C0 = the curves share an end point, but the end point may look discontinuous, sharp

G1 = the curves share an end point and those end points have the same tangent.

C1 = same as G1 except that the tangent vector is also required to have the same magnitude

C2 = the curves share an end point, the tangent is the same, and also the second derivative (representing curvature or acceleration) is the same.

C∞ = all derivates of the curve are the same.

Generally, strive for C2 as it looks good and if we are using the curve for animation it guarantees that both the velocity and the acceleration are the same.

MAT 594CM S10 Fundamentals of Spatial Computing Angus Forbes

B-splines

B-splines are a more general way to think about curves. The “B” stands for the basis which defines the blending functions. The phrase “b-spline” is often used to describe a certain category of continuously connected curve pieces.

B-splines guarantee C2 continuity, but at the price of a increased complexity and the loss of some control (none of the points go through the control points!)

B-splines come in three flavors: Uniform, Nonuniform, and Nonuniform Rational.

The latter is also called NURBS (NonUniform Rational B-Splines)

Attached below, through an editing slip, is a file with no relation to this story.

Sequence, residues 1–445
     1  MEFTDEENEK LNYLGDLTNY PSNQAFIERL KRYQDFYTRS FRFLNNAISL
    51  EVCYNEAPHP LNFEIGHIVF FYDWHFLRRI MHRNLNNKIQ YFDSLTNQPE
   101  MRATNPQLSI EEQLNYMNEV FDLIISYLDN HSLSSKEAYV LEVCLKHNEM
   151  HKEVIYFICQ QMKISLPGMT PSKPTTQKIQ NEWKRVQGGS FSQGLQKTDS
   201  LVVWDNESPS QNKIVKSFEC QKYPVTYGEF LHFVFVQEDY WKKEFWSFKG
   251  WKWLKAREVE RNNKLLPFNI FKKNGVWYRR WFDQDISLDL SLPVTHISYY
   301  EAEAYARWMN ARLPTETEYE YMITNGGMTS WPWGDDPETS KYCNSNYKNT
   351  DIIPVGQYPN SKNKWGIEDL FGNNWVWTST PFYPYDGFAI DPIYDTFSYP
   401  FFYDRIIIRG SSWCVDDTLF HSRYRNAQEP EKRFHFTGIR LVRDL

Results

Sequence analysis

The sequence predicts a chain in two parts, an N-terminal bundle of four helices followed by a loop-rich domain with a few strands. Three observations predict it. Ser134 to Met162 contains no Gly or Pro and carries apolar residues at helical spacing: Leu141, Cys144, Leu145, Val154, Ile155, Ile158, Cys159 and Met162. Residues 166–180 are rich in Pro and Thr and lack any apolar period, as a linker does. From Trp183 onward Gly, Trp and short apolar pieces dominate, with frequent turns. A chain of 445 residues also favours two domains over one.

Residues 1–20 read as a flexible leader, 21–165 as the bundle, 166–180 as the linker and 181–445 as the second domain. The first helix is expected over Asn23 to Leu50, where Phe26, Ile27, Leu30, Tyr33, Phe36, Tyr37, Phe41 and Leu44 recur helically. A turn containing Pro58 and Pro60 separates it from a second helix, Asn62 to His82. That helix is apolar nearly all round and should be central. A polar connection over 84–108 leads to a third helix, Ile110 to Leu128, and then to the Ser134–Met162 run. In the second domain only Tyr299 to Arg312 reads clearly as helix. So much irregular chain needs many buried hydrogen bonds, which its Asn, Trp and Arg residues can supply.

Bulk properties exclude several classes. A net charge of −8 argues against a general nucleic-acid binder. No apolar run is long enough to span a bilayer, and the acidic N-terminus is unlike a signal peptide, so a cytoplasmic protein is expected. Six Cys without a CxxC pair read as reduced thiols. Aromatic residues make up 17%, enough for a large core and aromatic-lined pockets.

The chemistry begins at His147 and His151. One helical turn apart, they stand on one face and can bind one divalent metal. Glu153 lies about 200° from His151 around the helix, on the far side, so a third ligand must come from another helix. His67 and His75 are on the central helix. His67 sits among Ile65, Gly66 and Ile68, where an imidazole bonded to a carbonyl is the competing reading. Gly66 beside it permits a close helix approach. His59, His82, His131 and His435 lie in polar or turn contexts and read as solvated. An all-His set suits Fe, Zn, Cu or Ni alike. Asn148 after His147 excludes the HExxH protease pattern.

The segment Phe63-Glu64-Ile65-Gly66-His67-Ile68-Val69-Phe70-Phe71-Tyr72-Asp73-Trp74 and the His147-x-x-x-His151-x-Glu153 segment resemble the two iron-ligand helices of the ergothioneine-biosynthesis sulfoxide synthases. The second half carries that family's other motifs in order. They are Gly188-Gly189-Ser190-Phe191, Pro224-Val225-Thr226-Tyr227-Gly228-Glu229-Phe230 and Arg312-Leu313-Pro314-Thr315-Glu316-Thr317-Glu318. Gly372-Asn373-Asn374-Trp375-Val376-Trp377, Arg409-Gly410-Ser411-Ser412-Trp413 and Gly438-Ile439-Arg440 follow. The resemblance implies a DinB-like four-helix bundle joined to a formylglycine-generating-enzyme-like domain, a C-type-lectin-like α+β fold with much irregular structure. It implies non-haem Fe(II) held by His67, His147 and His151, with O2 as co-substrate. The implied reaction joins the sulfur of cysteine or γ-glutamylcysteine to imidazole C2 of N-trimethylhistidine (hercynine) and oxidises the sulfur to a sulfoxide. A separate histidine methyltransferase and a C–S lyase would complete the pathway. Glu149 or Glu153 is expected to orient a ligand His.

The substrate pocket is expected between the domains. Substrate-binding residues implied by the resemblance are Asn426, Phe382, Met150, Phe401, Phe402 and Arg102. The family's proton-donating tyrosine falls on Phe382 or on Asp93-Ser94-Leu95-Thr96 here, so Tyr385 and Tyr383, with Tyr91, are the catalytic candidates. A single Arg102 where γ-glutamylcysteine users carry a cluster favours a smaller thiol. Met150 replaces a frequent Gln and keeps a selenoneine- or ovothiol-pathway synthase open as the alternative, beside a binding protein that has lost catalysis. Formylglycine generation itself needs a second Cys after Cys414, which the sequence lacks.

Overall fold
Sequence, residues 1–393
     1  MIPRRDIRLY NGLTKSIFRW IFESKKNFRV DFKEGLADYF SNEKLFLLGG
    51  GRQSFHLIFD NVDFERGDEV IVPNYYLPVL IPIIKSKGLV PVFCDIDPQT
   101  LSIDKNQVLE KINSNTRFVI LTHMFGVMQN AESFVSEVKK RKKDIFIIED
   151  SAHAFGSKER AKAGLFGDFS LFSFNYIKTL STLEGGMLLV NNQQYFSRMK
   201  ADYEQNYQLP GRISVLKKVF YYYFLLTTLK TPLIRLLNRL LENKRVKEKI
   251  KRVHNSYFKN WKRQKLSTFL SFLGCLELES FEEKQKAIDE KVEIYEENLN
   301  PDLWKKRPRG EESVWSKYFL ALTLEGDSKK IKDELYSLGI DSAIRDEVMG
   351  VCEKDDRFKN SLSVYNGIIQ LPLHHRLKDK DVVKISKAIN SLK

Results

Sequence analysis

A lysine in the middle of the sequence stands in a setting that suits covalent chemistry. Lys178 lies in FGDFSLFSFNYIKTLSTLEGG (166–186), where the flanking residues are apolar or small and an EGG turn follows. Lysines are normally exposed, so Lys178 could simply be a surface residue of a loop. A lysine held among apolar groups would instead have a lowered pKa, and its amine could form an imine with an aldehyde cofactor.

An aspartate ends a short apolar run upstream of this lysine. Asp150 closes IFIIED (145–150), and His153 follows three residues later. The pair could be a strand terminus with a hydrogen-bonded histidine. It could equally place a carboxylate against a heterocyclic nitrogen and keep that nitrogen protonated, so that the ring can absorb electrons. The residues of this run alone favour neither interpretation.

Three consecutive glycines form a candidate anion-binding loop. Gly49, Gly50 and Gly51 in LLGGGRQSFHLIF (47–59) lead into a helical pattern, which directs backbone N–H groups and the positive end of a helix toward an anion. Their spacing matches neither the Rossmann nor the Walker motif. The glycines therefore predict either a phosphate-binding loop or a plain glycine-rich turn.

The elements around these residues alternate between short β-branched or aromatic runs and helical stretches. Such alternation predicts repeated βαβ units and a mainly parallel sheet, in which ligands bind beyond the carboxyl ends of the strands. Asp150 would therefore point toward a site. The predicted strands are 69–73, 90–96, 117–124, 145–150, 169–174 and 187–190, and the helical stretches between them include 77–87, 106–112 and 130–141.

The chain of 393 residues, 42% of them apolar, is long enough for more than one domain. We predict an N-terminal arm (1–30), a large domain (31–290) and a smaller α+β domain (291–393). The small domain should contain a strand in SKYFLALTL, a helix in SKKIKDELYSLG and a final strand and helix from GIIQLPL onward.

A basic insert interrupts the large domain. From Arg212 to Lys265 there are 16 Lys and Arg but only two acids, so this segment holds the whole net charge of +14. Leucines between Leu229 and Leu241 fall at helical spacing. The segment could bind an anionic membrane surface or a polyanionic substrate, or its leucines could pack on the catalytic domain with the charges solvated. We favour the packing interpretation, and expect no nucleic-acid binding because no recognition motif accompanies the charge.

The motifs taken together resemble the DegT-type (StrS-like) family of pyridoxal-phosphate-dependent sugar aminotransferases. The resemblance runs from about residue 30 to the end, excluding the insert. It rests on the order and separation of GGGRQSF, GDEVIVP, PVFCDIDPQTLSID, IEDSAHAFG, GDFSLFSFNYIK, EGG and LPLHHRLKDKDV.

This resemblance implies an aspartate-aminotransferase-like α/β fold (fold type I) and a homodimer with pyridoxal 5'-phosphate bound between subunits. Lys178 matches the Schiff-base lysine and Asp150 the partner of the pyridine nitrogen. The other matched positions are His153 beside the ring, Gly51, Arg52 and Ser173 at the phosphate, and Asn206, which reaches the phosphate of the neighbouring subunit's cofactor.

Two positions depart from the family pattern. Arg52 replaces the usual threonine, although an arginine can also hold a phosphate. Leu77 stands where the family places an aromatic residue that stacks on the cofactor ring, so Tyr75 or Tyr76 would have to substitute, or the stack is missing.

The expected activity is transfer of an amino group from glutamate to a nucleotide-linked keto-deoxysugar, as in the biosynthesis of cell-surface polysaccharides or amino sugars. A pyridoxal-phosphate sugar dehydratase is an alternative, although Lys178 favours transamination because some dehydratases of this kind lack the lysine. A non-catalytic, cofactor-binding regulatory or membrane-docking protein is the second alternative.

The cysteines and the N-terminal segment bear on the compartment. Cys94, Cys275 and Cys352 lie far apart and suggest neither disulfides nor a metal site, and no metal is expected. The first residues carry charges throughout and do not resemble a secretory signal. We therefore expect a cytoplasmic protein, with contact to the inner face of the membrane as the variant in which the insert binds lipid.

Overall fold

MAT 594CM S10 Fundamentals of Spatial Computing Angus Forbes

Uniform b-splines

The basic b-spline is defined like so:

Given a set of n+1 control points, the b-spline curve is composed of n-2 cubic curves pieces.

Each piece is defined again by a blending of 4 points, where for each piece Qi, Qi(t = 1) = Qi+1 (t = 0)

Q’i(t = 1) = Q’

i+1 (t = 0)

Q’’i(t = 1) = Q’’

i+1 (t = 0)

That is, the joins are C2 continuous. These joins are called internal knots.

MAT 594CM S10 Fundamentals of Spatial Computing Angus Forbes

Uniform b-splines

For each curve piece Qi,

Qi(t) = B0(t) + B1(t) + B2(t) + B3(t)

where the blending functions are the following:

B0(t) = [ (1 – t)3 / 6 ] * P0

B1(t) = [ (4 – 6t2 + 3t3) / 6 ] * P1

B2(t) = [ (1 + 3t + 3t2 + 3t3) / 6 ] * P2

B3(t) = [ t3 / 6 ] * P3

MAT 594CM S10 Fundamentals of Spatial Computing Angus Forbes

Uniform b-splines

B0(t) = [ (1 – t)3 / 6 ] * P0

B1(t) = [ (4 – 6t2 + 3t3) / 6 ] * P1

B2(t) = [ (1 + 3t + 3t2 + 3t3) / 6 ] * P2

B3(t) = [ t3 / 6 ] * P3

which looks like this:

MAT 594CM S10 Fundamentals of Spatial Computing Angus Forbes

Uniform b-splines

G = [Pi-1, Pi, Pi+1, Pi+2]

M = (1/6)[ 1 -3 3

1 4 0 -6

3 1 3 3

-3 0 0 0

1 ]

MAT 594CM S10 Fundamentals of Spatial Computing Angus Forbes

Nonuniform b-splines

In uniform b-splines, the knots are automatically positioned at equal distances along the curve.

In a nonuniform b-spline, we can space the knots at nonuniform locations along the curve, which can change the curve in various ways. For instance, we can create looped curves, and perfect circle arcs.